OBJECTIVES:

Physical activity (PA) is presumed to decline during childhood and adolescence, but only few long-term studies about PA development during this period of life exist. We assessed PA and sedentary behavior (SB) over a 5-year period to gain a better understanding of the extent of change in activity and potential influencing factors.

METHODS:

PA and SB of 600 children from the Childhood Obesity Project were objectively measured with the SenseWear Armband 2 at the ages of 6, 8, and 11 years, resulting in 1254 observations. Longitudinal changes of total PA, moderate-to-vigorous physical activity (MVPA), light physical activity (LPA), and SB were modeled with mixed-effects models.

RESULTS:

Total PA revealed a significant quadratic decline with age (P < .001), resulting in a change of total PA by –75.3 minutes per day from 6 to 11 years. LPA linearly declined (P < .001) by 44.6 minutes per day, MVPA quadratically declined (P < .001) by an overall 30.7 minutes, whereas SB increased significantly (+107 minutes; P = .001). Boys showed a steeper decline in LPA (P = .003) and MVPA (P < .001) than did girls. Higher fat mass index and BMI z scores were associated with lower levels of total PA and MVPA and higher levels of SB (all P < .001).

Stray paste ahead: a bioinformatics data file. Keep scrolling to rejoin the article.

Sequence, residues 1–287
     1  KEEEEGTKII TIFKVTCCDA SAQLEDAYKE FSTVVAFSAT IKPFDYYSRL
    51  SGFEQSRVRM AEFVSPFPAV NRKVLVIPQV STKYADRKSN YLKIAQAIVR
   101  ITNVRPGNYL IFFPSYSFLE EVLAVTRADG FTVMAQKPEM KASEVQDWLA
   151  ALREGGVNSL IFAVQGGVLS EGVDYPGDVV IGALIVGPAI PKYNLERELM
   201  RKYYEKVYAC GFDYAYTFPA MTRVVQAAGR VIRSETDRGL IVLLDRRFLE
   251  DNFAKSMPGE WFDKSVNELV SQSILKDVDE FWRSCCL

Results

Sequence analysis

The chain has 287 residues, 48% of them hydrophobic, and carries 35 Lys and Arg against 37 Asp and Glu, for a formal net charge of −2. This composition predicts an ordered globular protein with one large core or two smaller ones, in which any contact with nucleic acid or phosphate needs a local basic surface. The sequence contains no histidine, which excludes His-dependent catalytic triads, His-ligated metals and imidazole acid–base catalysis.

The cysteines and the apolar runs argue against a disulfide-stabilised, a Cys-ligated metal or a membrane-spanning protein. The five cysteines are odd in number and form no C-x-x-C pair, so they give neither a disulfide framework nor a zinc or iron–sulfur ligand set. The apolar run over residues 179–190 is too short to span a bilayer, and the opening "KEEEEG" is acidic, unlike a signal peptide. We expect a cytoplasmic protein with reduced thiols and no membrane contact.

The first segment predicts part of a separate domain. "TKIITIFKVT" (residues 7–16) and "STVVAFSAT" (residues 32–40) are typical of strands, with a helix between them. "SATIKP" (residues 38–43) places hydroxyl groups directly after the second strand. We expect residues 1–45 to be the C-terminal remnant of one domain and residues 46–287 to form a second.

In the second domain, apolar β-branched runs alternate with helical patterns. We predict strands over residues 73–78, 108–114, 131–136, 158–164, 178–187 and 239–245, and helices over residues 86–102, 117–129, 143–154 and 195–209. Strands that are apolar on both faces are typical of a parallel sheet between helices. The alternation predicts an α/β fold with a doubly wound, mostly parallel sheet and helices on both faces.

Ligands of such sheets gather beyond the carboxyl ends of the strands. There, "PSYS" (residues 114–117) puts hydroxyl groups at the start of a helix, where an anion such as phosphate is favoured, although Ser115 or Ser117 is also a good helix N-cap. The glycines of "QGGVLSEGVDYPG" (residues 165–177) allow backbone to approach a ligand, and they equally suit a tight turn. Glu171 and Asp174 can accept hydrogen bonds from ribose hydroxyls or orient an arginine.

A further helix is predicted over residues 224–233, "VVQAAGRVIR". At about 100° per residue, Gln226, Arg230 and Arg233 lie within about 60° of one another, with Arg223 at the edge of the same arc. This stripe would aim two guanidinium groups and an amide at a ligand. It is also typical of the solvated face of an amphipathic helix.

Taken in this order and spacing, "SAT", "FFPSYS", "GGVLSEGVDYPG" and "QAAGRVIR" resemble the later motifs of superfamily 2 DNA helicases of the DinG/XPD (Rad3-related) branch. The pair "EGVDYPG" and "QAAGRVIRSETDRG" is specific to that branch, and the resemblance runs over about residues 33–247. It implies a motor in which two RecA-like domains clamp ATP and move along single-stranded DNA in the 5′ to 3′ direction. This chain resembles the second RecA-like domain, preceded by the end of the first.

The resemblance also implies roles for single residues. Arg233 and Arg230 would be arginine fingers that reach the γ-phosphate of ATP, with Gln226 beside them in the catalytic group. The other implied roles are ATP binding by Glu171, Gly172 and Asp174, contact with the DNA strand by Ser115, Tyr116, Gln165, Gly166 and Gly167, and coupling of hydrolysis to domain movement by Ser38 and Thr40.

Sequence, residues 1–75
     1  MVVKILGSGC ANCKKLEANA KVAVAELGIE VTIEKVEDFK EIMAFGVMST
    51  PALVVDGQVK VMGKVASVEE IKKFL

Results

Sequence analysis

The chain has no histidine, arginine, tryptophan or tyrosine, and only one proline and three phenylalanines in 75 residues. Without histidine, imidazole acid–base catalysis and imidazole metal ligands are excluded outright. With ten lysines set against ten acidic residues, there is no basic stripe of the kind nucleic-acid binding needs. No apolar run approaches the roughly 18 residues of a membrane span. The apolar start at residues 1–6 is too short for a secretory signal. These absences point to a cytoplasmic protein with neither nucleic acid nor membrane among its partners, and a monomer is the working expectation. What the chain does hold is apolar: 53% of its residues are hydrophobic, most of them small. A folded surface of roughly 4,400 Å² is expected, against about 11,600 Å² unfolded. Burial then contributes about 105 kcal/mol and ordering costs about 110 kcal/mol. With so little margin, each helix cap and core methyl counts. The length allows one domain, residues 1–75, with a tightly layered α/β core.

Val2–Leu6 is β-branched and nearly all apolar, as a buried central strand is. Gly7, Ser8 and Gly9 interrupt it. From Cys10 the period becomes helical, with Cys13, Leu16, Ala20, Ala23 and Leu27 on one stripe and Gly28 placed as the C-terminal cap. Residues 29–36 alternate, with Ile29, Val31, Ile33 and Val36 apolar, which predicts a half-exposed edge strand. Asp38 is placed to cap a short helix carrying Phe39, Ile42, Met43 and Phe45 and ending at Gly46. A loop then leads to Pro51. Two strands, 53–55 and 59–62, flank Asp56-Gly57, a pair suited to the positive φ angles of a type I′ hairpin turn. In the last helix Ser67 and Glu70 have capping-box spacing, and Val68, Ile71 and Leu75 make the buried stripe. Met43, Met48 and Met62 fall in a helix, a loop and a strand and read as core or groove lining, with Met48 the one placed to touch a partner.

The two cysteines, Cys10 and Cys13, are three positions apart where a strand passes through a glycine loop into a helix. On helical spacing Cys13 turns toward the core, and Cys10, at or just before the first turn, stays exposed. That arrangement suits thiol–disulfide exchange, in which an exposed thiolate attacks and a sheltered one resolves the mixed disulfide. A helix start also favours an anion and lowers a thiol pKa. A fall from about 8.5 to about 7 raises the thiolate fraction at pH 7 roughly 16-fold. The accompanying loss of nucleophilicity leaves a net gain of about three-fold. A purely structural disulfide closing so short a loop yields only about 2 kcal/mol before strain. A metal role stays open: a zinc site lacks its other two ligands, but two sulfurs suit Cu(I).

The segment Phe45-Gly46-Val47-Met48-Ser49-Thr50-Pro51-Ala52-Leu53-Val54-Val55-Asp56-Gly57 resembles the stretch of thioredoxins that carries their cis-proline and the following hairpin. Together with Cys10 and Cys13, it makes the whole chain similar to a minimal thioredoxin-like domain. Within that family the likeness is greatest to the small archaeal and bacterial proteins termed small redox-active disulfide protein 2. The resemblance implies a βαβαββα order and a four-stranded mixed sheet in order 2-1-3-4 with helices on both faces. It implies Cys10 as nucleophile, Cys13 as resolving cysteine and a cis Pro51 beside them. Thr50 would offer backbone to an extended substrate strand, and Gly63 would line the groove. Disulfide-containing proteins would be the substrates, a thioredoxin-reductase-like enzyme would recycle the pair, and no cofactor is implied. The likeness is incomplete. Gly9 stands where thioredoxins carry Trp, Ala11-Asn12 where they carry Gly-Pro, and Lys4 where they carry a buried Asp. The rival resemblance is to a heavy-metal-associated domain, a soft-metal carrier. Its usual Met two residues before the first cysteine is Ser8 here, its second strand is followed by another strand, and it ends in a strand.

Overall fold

CONCLUSIONS:

We showed that PA decreased, and SB increased in earlier years than previously thought. MVPA remained relatively stable until 8 years, but revealed a drop-off at 11 years, identifying this period as a crucial time for intervention.

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